Now it is the turn of the BJP-Shiv Sena to grapple with the growing Maratha unrest. Periodic drought and farmer suicides only hide the real story, that is, agriculture can no longer support everyone who lacks an alternative source of livelihood—shrinking holdings and growing families make that impossible. Maratha boys and girls want jobs, and government jobs at that. But there are not too many jobs going around. The widespread grievance that jobs are hogged by the SCs-STs, whose economic condition has improved while that of the dominant middle castes has deteriorated, further inflames passions.

Given that the Patidars in Gujarat and the Jats in Haryana, UP and Rajasthan too have been seeking a share in the economic pie, it will be a folly to ignore these early warnings of the coming social and economic upheaval. Sops such as those announced by Maharashtra Chief Minister Devendra Fadnavis following last week’s Maratha protest only patch over the problem. Hitherto dominant castes in the rural hinterlands feel left out thanks to the policymakers’ failure to integrate the village and town economies. The growing unrest in the countryside cannot be settled by band-aid solutions, or by fobbing off with promises of reservations which predictably are rejected by the courts. 

Of course, the unrest has been growing due to the wrong economic and social policies of successive governments. Unless the entire political class rises above partisan concerns, summoning requisite wisdom and strength in order to privilege larger national interest over partisan concerns, the time-bomb ticking in Maharashtra, Gujarat, Haryana , Rajasthan, et al is bound to explode sooner than anyone realises. In short, no time is to be wasted on having a serious re-look at the entire system of reservations. 

And before the partisans begin to howl that the reservations are being abandoned—as the Congress had falsely raised the red flag when A.B. Vajpayee merely wanted a review of the governing system by a widely respected former judge of the apex court—they will have to be persuaded that, otherwise, the existing benefits for the socially and economically weaker classes could be in jeopardy as the new claimants on the national cake overwhelm the system. Statesmanship is needed to nip the Maratha, Patidar, Jat trouble in the bud.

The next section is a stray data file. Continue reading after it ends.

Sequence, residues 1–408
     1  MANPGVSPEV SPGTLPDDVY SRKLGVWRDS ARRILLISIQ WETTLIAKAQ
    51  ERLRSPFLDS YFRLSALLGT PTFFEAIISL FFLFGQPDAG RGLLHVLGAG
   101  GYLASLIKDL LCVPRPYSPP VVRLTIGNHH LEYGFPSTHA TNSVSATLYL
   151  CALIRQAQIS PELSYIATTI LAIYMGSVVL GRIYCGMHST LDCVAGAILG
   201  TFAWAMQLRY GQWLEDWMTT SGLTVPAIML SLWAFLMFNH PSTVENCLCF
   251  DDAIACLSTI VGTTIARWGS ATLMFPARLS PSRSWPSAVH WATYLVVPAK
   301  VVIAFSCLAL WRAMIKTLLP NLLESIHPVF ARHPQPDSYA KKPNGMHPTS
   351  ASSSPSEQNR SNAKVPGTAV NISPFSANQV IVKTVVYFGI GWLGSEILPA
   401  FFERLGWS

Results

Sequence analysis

ONE CAUGHT, ONE TO GO 

Politicians are suckers for sycophancy. Otherwise, fixers and middlemen wouldn’t be able to gain access to their durbar. An otherwise clued-up BJP leader, who runs a very tight ship, indeed, seems to have tripped, falling for the chamchagiri of a couple of TV journalists only to belatedly realise that the two were no party loyalists, only freelance money-making racketeers pretending to be life-long Sanghis. They freely “wheeled-and-dealed” in the previous regimes as well. Well, one of them got caught red-handed the other day, while his boss somehow managed to escape.

But there is no denying that all these years the duo operated in unison, feeding falsehoods to ruling politicians to grind their own axe, pointedly abusing fellow journalists who openly disapproved of their misdoings, and generally acting as commission agents for all manner of favour-seekers. The two seemed to be the confidants of the top cogs in the present ruling dispensation, even getting election tickets for their clients, and generally throwing their weight around in the business and media circles. After the exposure of their racket a couple of days ago, expect the two to lie low for some-time before finding a new patron to feed their lifestyle.